Tailgating evokes images of crowded parking lots, rowdy fans, burgers and beers and the backs of vans or pickup trucks. Yet we begin our afternoon in a large, industrial, rather sedate bar and restaurant two miles from Ohio Stadium, about to order spiked seltzer water. Soon, more drinks are ordered, and Jones and three friends move outside, into the sunshiny, 70-degree afternoon. At last, outside Varsity Club, a sports bar spitting distance from the football stadium, I spy full-on revelry. We flash our IDs then filter into a gated area, the six of us a tiny trickle into a sea of fans. People eat pizza, people loiter, Sugarhill Gang’s “Apache (Jump on It)” plays and people dance, some better than others. Time marches forward, and as we near 7 p.m., Jones and his friend Matt Arnstine — who are attending tonight’s game — start pulling away.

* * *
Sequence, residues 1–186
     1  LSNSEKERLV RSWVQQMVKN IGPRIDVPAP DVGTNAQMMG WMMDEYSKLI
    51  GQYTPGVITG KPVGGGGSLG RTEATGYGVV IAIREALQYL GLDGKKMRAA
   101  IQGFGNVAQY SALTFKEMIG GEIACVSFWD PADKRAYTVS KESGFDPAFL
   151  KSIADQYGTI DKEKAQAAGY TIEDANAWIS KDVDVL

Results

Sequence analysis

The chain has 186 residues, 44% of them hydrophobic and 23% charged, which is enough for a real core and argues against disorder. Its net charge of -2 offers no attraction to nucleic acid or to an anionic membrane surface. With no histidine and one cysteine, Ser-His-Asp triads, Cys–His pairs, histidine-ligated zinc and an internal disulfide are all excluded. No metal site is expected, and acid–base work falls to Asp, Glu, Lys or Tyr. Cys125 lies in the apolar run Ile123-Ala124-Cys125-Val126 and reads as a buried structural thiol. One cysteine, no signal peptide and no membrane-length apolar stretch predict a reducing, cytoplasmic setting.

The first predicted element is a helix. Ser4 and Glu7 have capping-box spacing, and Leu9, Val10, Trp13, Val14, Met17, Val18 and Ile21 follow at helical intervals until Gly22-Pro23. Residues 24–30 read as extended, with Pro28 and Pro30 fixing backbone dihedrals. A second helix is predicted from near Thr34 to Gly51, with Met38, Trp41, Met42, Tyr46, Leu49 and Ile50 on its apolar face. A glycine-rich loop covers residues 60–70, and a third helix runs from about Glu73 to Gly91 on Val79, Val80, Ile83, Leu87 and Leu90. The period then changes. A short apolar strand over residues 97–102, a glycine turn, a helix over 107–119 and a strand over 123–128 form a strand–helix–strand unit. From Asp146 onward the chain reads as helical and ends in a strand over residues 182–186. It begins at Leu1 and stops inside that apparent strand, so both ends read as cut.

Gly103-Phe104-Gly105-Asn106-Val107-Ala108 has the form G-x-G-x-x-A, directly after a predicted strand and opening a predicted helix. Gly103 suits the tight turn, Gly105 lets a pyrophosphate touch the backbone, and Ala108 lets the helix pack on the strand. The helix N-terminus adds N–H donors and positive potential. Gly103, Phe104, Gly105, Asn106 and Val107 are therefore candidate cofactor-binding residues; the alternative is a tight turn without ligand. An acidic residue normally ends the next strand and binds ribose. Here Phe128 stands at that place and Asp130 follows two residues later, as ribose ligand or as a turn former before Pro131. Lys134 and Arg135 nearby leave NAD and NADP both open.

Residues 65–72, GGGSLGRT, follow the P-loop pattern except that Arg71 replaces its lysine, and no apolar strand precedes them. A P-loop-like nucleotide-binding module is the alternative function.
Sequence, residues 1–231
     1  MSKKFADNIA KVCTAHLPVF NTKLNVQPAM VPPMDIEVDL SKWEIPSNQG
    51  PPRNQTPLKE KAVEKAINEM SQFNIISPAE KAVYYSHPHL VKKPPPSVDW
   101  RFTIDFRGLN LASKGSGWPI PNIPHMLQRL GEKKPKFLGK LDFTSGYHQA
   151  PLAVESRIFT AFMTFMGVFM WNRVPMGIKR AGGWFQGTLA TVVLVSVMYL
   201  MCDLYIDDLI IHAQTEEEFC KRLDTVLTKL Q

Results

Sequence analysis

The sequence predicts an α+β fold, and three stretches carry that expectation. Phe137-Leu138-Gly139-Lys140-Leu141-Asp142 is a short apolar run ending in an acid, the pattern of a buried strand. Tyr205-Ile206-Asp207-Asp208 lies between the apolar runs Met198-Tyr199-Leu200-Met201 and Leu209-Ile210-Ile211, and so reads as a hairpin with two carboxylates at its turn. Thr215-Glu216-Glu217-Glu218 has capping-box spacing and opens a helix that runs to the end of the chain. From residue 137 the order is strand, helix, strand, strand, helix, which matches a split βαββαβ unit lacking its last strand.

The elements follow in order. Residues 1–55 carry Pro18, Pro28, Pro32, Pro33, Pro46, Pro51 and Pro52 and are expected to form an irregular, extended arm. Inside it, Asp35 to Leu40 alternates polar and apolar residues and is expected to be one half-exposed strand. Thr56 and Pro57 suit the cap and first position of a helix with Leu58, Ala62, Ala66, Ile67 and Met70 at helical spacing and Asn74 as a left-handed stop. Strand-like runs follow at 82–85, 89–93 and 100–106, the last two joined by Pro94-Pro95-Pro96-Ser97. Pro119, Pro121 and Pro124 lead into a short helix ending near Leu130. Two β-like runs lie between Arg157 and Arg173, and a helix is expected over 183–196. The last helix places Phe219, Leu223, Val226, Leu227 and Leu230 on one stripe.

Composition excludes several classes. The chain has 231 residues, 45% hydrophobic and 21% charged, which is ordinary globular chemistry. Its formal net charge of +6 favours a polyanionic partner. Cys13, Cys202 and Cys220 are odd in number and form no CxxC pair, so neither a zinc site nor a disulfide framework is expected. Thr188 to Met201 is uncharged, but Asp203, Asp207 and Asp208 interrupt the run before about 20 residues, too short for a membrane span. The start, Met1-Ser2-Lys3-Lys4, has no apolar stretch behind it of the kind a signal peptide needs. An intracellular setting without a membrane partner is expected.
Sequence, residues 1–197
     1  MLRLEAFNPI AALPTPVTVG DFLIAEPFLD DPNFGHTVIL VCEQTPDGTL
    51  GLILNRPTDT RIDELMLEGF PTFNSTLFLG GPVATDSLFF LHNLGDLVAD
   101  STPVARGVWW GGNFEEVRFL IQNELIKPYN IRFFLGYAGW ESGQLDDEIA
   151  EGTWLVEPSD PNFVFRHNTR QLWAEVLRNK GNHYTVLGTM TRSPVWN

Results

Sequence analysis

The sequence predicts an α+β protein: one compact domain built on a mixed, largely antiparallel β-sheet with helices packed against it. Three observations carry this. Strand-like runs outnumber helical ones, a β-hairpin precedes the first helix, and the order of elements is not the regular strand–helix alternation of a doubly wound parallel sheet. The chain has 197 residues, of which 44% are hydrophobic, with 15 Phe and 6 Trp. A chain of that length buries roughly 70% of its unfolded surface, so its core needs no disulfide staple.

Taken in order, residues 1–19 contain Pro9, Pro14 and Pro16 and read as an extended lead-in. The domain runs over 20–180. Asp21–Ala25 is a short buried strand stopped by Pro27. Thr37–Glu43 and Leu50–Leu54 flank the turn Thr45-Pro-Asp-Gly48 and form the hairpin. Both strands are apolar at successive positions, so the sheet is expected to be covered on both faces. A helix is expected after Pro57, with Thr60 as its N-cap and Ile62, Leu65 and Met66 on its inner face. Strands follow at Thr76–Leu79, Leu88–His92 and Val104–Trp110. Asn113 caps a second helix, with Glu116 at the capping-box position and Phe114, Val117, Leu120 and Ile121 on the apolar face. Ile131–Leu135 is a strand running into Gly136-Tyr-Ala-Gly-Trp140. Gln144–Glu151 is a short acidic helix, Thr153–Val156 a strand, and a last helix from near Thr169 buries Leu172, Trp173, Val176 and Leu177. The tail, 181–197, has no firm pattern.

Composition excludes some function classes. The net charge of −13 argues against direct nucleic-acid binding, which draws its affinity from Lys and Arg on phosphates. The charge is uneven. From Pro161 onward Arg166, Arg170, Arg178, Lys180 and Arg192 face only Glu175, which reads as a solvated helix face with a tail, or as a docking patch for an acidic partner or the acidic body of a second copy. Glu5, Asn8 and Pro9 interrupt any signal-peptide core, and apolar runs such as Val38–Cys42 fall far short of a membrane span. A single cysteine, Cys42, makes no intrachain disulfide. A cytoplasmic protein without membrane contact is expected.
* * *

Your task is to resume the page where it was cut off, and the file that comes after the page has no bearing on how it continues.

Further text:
Hours later, after Jones has live-tweeted a considerable chunk of the game to his 125,000-plus followers (“I just surprised myself cheering without irony. OMG.”), he slips out at halftime. OSU goes on to beat Michigan State, 34-10.
Shortly after his departure, Jones is informed via group text that his friends and I are still hanging out. He swings by, and when he spots me, he is incredulous: “You’re still here?” See, he tells me, there’s something about Columbus; you just get swept away. Yes, I suppose. I hail from the Midwest; I understand its charms. This city has a certain warmth, a particular sweetness.